Donald Trump may be dancing with the devil in 2016 according to POLITICO’s Roger Simon. | AP Photo
Alone in his bedroom on a dark and stormy night, Donald Trump was inventing some tax returns, when the devil appeared before him.
“Fear not,” the devil said. “You need not file tax returns. Ever. Also, I will make sure you are elected president this year and again in 2020.
“But in return, you must sell me your soul. You must betray all decent principles. You must pander, trivialize and deceive. You must gain victory by exploiting bigotry, fear, envy and greed. And you must conduct a campaign based on lies, sham, hype and distortion.”
“So?” Trump said. “What’s the catch?”
It could have been worse. The devil could have asked Trump to prove he really had “bone spurs” that kept him out of the Vietnam draft. Or prove he knew that Crimea was part of Russia. Or prove that he knew anything about the U.S. Constitution.
The Constitution! Jeez, Louise! Nobody told Trump that was going to be on the final.
A few months later, the leader of the Brain Gang would be … what’s-his-name. The guy who looked like he combed his hair with teeth whitener. Pence. That was it. Mike Pence. Mr. Personality.
But who had vetted Pence? And speaking of vetting, they couldn’t have found a veteran to put on the ticket?
Trump went over to the World Wide Interweb machine that his kids had bought him so they wouldn’t have to answer his questions. Trump typed in: “How many veterans are there in the United States.”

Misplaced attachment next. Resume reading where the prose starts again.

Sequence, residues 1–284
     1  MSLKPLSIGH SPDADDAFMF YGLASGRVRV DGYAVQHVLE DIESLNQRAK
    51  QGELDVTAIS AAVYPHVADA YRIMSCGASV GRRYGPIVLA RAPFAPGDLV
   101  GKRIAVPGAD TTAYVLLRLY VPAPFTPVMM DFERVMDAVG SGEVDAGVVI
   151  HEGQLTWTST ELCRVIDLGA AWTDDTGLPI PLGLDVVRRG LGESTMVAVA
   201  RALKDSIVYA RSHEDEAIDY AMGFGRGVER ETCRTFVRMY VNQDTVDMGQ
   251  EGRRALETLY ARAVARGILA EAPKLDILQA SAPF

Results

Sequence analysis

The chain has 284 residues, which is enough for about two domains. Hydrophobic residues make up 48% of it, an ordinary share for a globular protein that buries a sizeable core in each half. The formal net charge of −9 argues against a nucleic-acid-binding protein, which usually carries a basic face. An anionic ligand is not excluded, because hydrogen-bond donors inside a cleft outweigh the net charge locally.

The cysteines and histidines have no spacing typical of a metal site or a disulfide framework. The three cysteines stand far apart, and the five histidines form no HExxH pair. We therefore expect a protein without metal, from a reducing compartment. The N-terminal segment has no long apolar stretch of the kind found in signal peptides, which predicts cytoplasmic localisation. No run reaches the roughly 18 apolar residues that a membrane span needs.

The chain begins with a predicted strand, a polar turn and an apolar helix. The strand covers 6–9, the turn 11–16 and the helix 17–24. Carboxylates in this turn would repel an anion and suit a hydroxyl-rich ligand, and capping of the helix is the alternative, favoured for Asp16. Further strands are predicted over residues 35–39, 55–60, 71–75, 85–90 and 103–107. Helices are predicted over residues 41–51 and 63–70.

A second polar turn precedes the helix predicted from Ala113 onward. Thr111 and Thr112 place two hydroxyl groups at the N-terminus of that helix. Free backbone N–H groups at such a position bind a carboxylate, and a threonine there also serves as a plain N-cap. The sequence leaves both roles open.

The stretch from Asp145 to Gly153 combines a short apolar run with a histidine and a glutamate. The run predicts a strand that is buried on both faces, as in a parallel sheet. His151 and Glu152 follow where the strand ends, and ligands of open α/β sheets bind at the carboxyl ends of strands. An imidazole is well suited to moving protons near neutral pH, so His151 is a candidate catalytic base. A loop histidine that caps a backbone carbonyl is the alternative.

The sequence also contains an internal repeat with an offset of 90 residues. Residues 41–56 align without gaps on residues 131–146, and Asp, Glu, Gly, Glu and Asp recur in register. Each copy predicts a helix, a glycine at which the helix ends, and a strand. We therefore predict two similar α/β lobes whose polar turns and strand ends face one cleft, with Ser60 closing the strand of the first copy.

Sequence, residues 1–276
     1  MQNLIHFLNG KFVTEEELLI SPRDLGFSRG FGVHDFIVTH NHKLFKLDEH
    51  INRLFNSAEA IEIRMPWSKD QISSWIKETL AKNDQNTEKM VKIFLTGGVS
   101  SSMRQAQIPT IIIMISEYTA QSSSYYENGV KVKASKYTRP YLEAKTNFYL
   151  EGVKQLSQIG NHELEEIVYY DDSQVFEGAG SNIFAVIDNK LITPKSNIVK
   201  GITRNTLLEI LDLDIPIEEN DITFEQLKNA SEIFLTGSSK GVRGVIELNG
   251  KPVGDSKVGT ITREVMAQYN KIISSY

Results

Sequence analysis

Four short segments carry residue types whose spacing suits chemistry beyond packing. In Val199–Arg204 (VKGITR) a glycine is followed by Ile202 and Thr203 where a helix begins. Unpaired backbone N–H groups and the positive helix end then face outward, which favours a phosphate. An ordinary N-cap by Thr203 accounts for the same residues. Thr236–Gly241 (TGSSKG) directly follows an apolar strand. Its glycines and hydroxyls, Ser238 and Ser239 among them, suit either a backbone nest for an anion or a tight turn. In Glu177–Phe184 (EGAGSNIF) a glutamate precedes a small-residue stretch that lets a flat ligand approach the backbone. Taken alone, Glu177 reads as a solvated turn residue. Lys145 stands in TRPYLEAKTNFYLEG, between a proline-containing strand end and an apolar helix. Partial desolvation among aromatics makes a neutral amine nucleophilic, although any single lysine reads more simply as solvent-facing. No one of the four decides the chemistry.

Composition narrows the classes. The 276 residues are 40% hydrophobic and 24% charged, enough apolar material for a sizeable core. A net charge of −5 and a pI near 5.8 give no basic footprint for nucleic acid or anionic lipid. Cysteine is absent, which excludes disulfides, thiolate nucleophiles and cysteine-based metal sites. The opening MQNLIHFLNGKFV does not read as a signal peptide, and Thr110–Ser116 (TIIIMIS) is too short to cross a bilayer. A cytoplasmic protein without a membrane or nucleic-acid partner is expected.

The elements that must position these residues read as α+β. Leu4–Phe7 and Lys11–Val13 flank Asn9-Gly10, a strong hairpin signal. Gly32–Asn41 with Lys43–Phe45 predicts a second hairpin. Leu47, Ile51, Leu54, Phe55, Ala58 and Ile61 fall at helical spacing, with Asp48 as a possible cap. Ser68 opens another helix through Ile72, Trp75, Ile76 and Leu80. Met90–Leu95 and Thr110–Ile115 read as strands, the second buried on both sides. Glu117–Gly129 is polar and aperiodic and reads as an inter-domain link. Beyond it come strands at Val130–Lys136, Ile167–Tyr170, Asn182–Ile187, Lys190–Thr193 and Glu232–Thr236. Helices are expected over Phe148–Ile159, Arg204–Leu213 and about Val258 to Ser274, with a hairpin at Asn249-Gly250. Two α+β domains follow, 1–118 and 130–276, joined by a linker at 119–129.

The machine answered instantly: “There are 21.8 million veterans of the U.S. armed forces as of 2014, according the Census Bureau … ”
In 2012, neither party had a veteran on the ticket, which was the first time since 1932. Both Pence and Democratic vice presidential nominee, Tim Kaine, have sons in the Marines. The last veteran to be on a major party ticket was John McCain in 2008. McCain, a retired Navy captain, was ridiculed by Trump for being captured by the North Vietnamese.
Trump knew a trap when he saw one. He went over to his Interweb machine and found out the Constitution could not possibly be kept in a jacket pocket. In fact, the Constitution is on display in a row of large glass cases in the Rotunda of the National Archives Museum. You would need a crane to lift it.
So Khizr Khan lies, and this was one of the rare times that Trump had proof.
“Mr. Khan, who does not know me, viciously attacked me from the stage of the DNC and is now all over T.V. doing the same — Nice!” Trump tweeted Monday.
“This story is not about Mr. Khan, who is all over the place doing interviews,” Trump also tweeted, “but rather RADICAL ISLAMIC TERRORISM and the U.S. Get smart!”
ABC’s George Stephanopoulos had gotten all snippy about the whole thing on Sunday, asking Trump why Khan had accused Trump of sacrificing nothing for his country.
And, when you think about it, Trump had not only sacrificed nothing personally to fight RADICAL ISLAMIC TERRORISM, but in his almost 71 years on this planet, it appears Trump had never done much, if any, public service whatsoever.
This might not be so striking, except that prior public service used to be considered a prerequisite for election to the presidency.
Stephanopoulos: “He said you have sacrificed nothing and no one.”
Trump: “Well, that sounds — who wrote that? Did Hillary scriptwriters write it?”
Stephanopoulos: “How would you answer that father? What sacrifice have you made for your country?”
Trump: “I think I’ve made a lot of sacrifices. I work very, very hard. I’ve created thousands and thousands of jobs, tens of thousands of jobs, built great structures.”
Stephanopoulos: “Those are sacrifices?”
Trump: “Oh, sure. I think they’re sacrifices.”
And, in a way, Trump may be correct. As to the “great structures” he has built, Trump has sacrificed almost all sense of taste, artfulness, style and creativity.
So maybe he did that deal with the devil after all.
Roger Simon is POLITICO’s chief political columnist.